Rami Akhrass

and 6 more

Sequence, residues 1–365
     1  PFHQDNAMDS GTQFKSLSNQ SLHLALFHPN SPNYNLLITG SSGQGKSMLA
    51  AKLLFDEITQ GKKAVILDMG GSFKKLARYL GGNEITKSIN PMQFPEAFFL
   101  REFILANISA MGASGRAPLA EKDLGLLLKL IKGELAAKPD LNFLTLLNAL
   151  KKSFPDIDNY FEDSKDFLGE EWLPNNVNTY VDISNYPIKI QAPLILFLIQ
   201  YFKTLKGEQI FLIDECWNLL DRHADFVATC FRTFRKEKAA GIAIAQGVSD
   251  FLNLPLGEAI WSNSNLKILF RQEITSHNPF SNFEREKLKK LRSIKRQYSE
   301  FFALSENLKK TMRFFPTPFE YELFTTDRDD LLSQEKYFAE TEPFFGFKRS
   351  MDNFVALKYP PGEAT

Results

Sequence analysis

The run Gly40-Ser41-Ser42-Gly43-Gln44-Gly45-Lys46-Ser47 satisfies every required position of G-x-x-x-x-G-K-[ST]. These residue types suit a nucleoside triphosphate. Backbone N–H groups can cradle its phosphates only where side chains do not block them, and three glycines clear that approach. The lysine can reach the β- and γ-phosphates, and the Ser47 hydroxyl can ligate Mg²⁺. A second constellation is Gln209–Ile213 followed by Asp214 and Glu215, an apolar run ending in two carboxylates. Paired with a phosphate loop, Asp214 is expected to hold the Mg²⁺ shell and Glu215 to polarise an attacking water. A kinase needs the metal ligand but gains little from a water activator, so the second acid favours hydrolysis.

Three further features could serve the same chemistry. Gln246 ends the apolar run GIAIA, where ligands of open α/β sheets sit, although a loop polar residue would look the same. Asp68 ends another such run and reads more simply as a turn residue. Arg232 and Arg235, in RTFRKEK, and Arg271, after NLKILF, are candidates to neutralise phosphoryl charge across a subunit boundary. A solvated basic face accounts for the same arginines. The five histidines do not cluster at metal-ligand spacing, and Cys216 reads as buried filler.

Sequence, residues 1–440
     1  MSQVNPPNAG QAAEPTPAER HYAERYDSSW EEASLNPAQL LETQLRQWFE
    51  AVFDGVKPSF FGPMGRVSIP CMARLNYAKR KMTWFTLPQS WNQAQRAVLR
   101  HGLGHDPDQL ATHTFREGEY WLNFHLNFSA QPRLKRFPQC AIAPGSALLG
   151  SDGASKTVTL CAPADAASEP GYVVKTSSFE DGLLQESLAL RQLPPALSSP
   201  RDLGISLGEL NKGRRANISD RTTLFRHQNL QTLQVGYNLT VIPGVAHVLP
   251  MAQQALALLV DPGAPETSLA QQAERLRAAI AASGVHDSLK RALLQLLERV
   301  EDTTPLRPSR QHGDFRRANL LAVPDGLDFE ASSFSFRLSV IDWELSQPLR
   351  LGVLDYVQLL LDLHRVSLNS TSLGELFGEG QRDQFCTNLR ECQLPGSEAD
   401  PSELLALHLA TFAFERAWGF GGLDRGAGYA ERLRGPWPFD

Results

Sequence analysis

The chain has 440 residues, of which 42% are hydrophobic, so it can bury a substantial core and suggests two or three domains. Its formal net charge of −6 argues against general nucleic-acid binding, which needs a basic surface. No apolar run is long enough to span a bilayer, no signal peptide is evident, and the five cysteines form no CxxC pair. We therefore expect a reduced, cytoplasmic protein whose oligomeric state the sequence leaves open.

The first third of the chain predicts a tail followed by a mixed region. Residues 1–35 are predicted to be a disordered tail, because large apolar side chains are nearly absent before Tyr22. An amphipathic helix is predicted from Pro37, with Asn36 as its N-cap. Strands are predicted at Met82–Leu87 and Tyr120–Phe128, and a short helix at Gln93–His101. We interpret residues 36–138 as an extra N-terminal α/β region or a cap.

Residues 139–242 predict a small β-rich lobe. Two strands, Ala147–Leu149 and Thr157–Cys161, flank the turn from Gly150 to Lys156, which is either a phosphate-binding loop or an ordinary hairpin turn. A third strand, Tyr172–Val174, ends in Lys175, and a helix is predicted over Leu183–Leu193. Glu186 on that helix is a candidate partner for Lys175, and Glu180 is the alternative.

Background: Cardiac surgeries use 10%–15% of red blood cells transfused in the United States, despite benefits of limiting transfusions. We sought to evaluate the the feasibility and impact of a restrictive transfusion protocol on blood use and clinical outcomes in patients undergoing isolated primary coronary artery bypass grafting (CABG). Methods: Blood conservation measures, instituted in 2012, include preoperative optimization, intraoperative anesthesia and pump fluid restriction with retrograde autologous priming and vacuum-assisted drainage, use of aminocaproic acid and cell saver, intra- and postoperative permissive anemia, and administration of iron and lowdose vasopressors if needed. Medical records of patients who underwent isolated primary CABG from 2009–2012 (group A; n=375) and 2013–2016 (group B; n=322) were compared. Results: CABG with grafting to 3 or 4 coronary arteries was performed in 262 (70%) and 222 (69%) patients and bilateral internal thoracic artery grafting in 202 (54%) and 196 (61%) patients in groups A and B, respectively. Mean preoperative and intraoperative hematocrit was 40.3% and 40.7%, 28.9% and 29.4% in groups A and B, respectively. Total blood transfusion was 24% and 6.5%, intraoperative transfusion 10% and 1.2%, postoperative transfusion 19% and 5.3% (p<0.0001 for all) in groups A and B, respectively. Median postoperative length of stay was 5.0 days in group A and 4.5 days in group B (p =.02), with no significant differences between groups in mortality or morbidity. Conclusions: A restrictive transfusion protocol reduced blood transfusions and postoperative length of stay without adversely affecting outcomes following isolated primary CABG.